Feminism Never Happened

Feminism Never Happened

30 January–20 March 201030 Jan–20 Mar 2010

The title of this show, Feminism Never Happened, is—of course—a conceit. Feminism did happen. Not only did it happen, but few of the works in the show could or would have been made if it hadn’t. Nevertheless, the title prompts you to consider the work here, if only for a moment, outside the current pluralistic framework of feminist art—as if feminism had never happened. Why?

These days, there are many feminisms. Rex Butler has argued that, as feminist art can now take virtually any shape, it is impossible not to make feminist art. Indeed, feminist art seems to have all the bases covered. It can be deep and cavernous or shallow and cosmetic. It can be tightly patterned or monstrously organic. It can be confessional and true or feigning and duplicitous. It can be abject or genteel, political or mystical. It can confront gender as deeply contingent, a ‘social construction’, or accept it as fundamental. It can embrace ‘femininity’ or repudiate it. It can align women with nature or reject the very idea as sexist. If ‘bad girl’ feminists attack middle-class values as patriarchal, prefering the rude and transgressive, other feminists celebrate politeness and decorum, as if middle-class values were always already feminist. Etcetera. Perhaps it is not exactly that every thing in art is feminist, but that utterly polarised and mutually exclusive things are: what one feminism promotes another necessarily opposes.

A recent flurry of influential historicising feminist-art shows—including WACK!, Global Feminisms, and Elles@centrepompidou—have argued the centrality of feminism to contemporary art, marshalling a diversity of women’s art practice within a feminist frame. However, this downplays antagonisms within the broad expanses of feminist art and women’s art. Resisting this approach, Feminism Never Happened is interested in both feminist and anti-feminist possibilities in work habitually located within feminist art. It includes works by women artists from Australia and New Zealand which can be read within a feminist frame but can also be seen to trouble it. The show includes works which relish traditional gender roles, which romanticise sex-crime landscapes, which savour glamour photography, which narcissistically parade pathetic victim status, which appropriate male-gaze pornography, which imagine a polymorphously perverse Eden, which indulge mixed feelings about haute couture and svelte models, and which vacillate between come-on and critique.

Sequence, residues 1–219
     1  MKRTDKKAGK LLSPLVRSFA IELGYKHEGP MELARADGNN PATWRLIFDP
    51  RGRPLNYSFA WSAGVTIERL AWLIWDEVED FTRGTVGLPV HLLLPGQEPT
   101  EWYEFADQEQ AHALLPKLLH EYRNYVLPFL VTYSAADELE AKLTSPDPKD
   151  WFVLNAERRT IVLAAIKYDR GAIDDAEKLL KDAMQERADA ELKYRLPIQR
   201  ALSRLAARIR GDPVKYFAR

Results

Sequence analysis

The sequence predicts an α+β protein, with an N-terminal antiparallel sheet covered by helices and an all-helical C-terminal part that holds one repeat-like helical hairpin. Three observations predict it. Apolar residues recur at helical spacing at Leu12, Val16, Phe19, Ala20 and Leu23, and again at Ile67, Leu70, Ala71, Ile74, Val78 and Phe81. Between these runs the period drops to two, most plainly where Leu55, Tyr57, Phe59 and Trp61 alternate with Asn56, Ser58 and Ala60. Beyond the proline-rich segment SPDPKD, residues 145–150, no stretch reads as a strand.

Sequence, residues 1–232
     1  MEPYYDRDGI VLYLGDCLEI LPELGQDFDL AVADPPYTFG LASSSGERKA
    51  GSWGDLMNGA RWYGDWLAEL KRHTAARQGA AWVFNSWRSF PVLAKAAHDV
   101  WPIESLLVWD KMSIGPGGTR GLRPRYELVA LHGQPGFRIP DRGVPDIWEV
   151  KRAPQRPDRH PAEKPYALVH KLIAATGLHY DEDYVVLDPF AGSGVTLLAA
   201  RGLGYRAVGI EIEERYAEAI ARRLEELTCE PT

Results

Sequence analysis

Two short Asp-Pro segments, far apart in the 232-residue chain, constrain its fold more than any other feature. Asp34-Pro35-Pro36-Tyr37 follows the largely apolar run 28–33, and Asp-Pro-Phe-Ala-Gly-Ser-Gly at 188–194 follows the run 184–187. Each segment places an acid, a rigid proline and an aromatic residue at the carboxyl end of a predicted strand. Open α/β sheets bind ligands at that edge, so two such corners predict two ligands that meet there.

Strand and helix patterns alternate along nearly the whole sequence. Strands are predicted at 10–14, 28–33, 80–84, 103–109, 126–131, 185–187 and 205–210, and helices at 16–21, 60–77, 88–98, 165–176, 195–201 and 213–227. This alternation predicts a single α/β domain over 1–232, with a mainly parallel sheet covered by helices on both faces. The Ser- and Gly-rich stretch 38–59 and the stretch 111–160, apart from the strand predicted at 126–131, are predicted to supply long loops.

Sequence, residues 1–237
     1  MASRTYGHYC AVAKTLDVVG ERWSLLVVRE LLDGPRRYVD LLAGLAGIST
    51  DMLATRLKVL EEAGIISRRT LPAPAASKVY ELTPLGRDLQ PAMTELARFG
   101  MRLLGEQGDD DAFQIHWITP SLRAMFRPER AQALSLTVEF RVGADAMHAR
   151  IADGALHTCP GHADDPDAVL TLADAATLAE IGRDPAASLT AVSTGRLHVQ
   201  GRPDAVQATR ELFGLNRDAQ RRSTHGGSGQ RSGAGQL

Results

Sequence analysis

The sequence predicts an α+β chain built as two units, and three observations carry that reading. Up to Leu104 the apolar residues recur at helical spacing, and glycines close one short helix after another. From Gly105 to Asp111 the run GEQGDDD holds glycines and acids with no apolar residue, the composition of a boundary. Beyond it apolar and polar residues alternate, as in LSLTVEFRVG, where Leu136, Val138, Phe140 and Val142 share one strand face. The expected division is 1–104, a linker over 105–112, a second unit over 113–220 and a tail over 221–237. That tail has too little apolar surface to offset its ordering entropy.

Del Kathryn Barton, Pat Brassington, Kirsty Bruce, Jacqueline Fraser, Anastasia Klose, Fiona Lowry, Fiona Pardington, Yvonne Todd, and Jemima Wyman

The Institute of Modern Art acknowledges the traditional custodians of the land upon which the IMA now stands, the Jagera, Yuggera, Yugarapul, and Turrbal people. We offer our respect to Aboriginal and Torres Strait Islander people as the first artists of this country. In the spirit of allyship, the IMA will continue to work with First Nations people to celebrate, support, and present their immense past, present, and future contribution to artistic practice and cultural expression.